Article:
RioRico, I do know that cheap alternatives are there, but they do need more fuzzling with settings, besides at here in finland those lenses do tend to cost more even that I could find them from web marcetplaces...

So why 50, I actually don't mind for closer distance. I wan't to have opportunity to shoot handheld too. For extreme sets I can stack lenses\use tubes. But now easy fun macro/ multi purpose is key. BTW. Ot is funny that DFA macro is 'only' 350€. As brand new. I have seen pentax A going around 200€, wich is quite much IMO -is it just me who thinks so?-.

I have to check that sigma out too. Thanks for tips
10-13-2011, 01:01 PM   #7
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which macro lens

Remember that with a reduced sensor DSLR a Macro lens that is marked 2:1 actually focus down to 1.25:1
Do you really need 1:1 ??? If not your options are greater. I own two macro lenses: a Sigma MF 90 2.8 (which has an "A" setting and came with a matched 1:1 accessory lens) and a Pentax-M SMC 50 f/4 (plenty fast for macro work). They both produce fine results, especially if you consider I got them for about $100 each.
As has been said above, manual focus and lack of an "A" setting are no problem for macro work. I have no desire to get a new DA macro lens. I also prefer the shorter 90mm focal length over a 100 or 105, especially on my K20.
10-13-2011, 01:24 PM   #8
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QuoteOriginally posted by jeverettfine Quote
Remember that with a reduced sensor DSLR a Macro lens that is marked 2:1 actually focus down to 1.25:1
Not so. A 1:1 lens is 1:1 no matter what camera it is on. This is easy to show. For instance: Mount an Industar-50 on 50mm of M42 macro tubes for a 1:1 macro setup. Put it on a Spotmatic and look at a ruler. You'll see that the image is 36mm wide. Now put it on a Kx or whatever and look at the ruler. The image is now ~24mm wide. In each case, that's the width of the frame (film or sensor). The image seen is the same size as the subject. That is 1:1 magnification.

A couple rules of macro optics:

1) No non-reversed lens can focus closer than its focal length. Regardless of how much extension you put behind a 50mm lens, you can't focus closer than 50mm from the lens' optic center.
2) That close-focus distance (CFD) is where we get maximum magnification, again no matter how much extension is behind the lens. Less extension means less magnification and a further CFD.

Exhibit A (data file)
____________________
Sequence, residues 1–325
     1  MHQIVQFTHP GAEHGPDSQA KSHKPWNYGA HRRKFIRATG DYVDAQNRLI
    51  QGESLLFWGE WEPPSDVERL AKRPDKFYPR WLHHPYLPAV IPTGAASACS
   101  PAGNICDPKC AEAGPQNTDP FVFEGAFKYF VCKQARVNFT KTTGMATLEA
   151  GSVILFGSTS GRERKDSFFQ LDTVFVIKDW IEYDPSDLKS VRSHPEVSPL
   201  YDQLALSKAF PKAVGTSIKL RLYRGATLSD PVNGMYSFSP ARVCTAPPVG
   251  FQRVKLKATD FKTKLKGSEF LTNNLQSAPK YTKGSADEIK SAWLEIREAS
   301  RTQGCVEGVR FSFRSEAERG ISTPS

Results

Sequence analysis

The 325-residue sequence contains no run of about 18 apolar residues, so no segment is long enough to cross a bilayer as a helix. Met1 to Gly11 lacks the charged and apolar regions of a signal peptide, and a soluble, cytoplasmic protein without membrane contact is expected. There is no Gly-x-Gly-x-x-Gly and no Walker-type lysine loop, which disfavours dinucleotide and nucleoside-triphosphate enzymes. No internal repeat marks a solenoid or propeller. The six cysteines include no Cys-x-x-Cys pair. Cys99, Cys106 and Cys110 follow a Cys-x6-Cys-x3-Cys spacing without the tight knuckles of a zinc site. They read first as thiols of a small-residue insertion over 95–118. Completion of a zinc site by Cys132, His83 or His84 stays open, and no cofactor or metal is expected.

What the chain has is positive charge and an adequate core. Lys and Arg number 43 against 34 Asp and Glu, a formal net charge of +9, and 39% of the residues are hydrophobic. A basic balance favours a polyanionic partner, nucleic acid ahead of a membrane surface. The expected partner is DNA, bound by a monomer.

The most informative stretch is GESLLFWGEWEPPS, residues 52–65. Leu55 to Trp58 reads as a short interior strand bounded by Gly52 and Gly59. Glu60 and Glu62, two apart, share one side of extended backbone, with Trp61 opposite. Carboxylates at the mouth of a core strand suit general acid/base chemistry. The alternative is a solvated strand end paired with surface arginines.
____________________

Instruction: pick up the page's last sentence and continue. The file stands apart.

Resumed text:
Put those together, and you'll see why we use shorter lenses for studio work, and longer lenses for field work. Shorter lenses allow|force us to work closer to fill the frame; longer lenses allow|force us to work further. Longer lenses mean the wee tiny creatures won't be scared off by the huge lens bumping their arses.

A 50mm lens on 50mm tubes is great if subjects are 16x24mm or smaller. For subjects 24x36 or smaller, use 25mm tubes. Use more tubes or bellows for smaller subjects at more magnification. Play with the gear and it becomes easy.

10-13-2011, 01:30 PM   #9
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QuoteOriginally posted by jeverettfine Quote
Remember that with a reduced sensor DSLR a Macro lens that is marked 2:1 actually focus down to 1.25:1
Do you really need 1:1 ??? .
No they do not. The macro ratio is independent of sensor size. All that 1:1 means is that 1mm covers 1mm of the sensor. It doesn't matter if the sensor is 36mm across or 24mm across. A 2:1 ratio lens would be double life size. 1:2 would be half life size.

Rio beat me to it again!

Last edited by boriscleto; 10-13-2011 at 01:31 PM. Reason: Grumble
10-13-2011, 01:40 PM   #10
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Oh yeah, you'v got me there all of you...well actually I don't care so much if it is 1:1, 1:1,25 or even 1,25:1. It can be 1:2. What I jave read/ seen in forums even 1:2 would be rnough. Now, I see prices to be neck to neck for some lenses, sigma was nice surprice BTW(manual), but main question is wether I gain anything wit more €€€. Confortable and good quality is needed. Thank you for your comments thou...